Holidays offer great opportunities for gift giving and flowers, although possibly a bit cliché, are still very often appreciated, which is why a bouquet of flowers has been sitting on our living room hutch since Valentine's Day.
But while flowers are intended to be enjoyed by the recipient, there's no reason why we as photographers can't take advantage of the beautiful subjects at hand to add some colorful floral images to our portfolios.
A few evenings ago after my wife had retired for the evening, I took her bouquet into the studio to try one of my favorite techniques for photographing flowers – focus stacking.
After perusing the options available in the bouquet, I settled on a type of flower that I've photographed before, a type of Peruvian lily.
The colorful, elongated spots found on the leaves as well as the easily visible inner structures of these flowers make them ideal candidates for photographing.
I set up my Canon EOS 5D Mark III and Canon EF 100mm f/2.8 Macro USM + 36mm extension tube on a sturdy tripod and Arca-Swiss Z1 ball head set to f/9, 1/160 sec, ISO 100 and tried several compositions with the Peruvian lily that caught my eye. A studio flash on each side of the bouquet provided the light required for a proper exposure at those settings, and Magic Lantern's Focus Stacking feature was used to increment focus for the focus bracketed images.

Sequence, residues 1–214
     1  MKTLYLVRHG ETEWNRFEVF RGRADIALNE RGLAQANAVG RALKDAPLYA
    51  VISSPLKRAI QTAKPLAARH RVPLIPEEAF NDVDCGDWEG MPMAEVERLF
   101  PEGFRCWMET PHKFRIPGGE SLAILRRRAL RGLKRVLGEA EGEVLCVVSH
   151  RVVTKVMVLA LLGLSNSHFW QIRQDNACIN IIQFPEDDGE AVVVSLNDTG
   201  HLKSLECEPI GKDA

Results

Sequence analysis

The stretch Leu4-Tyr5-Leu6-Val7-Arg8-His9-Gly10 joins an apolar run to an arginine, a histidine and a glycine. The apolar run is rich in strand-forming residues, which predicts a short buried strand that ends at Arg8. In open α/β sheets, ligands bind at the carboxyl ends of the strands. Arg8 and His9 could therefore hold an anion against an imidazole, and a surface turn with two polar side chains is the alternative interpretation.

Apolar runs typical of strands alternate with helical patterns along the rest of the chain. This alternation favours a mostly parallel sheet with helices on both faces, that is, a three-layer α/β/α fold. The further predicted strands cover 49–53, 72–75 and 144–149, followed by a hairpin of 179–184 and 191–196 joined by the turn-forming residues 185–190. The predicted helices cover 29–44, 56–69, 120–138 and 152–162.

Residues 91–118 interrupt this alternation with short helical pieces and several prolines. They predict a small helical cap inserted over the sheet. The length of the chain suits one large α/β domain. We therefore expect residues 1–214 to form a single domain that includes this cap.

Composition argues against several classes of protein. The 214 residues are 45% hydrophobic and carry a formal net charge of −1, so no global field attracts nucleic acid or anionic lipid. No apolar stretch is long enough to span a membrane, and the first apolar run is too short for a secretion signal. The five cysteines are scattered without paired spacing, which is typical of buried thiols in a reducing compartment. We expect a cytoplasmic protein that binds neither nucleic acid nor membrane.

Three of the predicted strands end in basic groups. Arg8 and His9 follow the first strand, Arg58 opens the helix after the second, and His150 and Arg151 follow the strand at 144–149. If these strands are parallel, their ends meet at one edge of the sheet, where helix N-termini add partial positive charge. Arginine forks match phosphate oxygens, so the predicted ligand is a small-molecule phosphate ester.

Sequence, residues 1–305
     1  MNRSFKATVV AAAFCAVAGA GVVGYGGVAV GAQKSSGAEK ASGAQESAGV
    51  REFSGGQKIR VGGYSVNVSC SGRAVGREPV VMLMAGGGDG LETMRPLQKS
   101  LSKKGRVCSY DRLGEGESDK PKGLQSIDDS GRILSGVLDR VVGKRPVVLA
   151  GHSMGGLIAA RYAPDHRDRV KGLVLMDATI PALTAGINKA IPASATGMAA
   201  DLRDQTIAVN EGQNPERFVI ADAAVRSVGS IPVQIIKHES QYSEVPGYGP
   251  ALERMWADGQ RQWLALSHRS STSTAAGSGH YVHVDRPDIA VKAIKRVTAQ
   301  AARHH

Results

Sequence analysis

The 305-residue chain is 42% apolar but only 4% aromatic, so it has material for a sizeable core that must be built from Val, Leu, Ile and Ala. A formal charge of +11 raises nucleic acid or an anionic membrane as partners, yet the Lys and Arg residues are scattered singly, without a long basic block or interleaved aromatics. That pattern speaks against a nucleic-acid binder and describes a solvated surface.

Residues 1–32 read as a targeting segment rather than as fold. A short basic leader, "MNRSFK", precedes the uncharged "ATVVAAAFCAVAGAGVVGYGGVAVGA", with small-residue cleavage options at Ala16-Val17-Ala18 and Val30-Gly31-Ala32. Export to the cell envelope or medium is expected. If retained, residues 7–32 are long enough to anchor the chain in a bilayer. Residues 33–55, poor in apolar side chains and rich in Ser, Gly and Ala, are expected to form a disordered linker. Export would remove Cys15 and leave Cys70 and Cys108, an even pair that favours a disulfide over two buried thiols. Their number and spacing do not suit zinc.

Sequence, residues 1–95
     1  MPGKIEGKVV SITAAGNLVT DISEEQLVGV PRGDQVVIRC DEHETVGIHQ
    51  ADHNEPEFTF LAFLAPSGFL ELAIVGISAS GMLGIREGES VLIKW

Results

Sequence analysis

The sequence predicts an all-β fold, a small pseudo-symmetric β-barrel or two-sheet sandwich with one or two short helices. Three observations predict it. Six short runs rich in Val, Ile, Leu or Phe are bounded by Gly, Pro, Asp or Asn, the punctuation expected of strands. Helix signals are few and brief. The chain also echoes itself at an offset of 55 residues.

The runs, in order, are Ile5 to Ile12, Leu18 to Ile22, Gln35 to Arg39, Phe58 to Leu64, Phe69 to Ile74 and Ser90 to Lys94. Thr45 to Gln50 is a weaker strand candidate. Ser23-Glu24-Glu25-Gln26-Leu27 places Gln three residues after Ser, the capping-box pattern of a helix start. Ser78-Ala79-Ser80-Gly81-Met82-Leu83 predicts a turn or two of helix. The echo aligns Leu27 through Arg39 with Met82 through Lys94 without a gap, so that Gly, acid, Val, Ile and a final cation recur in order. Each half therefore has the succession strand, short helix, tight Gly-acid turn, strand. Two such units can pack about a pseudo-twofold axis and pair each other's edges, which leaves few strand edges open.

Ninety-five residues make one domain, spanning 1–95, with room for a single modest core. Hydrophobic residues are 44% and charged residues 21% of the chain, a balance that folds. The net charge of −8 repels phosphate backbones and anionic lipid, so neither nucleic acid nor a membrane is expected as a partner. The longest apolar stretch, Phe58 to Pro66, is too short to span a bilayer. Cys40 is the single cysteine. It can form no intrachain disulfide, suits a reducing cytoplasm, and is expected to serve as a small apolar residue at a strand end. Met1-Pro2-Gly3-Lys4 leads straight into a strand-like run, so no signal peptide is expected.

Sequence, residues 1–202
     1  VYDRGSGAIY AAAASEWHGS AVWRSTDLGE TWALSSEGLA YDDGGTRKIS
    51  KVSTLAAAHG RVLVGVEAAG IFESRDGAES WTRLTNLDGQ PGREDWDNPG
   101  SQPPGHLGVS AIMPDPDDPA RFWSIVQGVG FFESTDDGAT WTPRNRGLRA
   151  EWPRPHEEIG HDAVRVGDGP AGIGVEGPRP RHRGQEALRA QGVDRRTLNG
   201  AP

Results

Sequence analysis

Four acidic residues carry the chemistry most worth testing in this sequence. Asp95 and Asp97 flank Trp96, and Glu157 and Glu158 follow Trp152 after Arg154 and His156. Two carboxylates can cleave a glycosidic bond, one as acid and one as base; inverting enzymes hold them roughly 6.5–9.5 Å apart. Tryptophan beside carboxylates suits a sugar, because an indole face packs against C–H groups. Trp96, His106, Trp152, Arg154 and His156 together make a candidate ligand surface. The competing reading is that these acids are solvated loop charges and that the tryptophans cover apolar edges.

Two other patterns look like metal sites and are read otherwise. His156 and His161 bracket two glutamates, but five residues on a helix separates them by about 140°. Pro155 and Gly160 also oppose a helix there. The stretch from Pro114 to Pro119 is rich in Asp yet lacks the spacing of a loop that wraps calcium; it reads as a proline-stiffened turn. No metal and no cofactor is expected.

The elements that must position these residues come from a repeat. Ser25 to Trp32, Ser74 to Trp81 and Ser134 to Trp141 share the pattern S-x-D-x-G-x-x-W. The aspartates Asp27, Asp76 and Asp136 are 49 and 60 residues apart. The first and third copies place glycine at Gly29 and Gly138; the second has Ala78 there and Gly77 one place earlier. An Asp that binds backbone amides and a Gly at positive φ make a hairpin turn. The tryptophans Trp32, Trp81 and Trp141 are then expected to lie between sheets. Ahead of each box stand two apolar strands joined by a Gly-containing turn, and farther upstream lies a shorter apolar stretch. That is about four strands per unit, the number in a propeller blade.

After capturing all of the variations, I brought the images into Canon's Digital Photo Professional to see which one (or ones) might work well for further processing.
Finding a series that I really liked, I opened the relevant RAW files in Helicon Focus (my preferred focus stacking software), compiled the images and output the result as a DNG.
Looking closer at the result in Photoshop CC, I realized that I hadn't captured enough depth-of-field in my focus bracket to fully cover the parts of the plant I wanted in focus.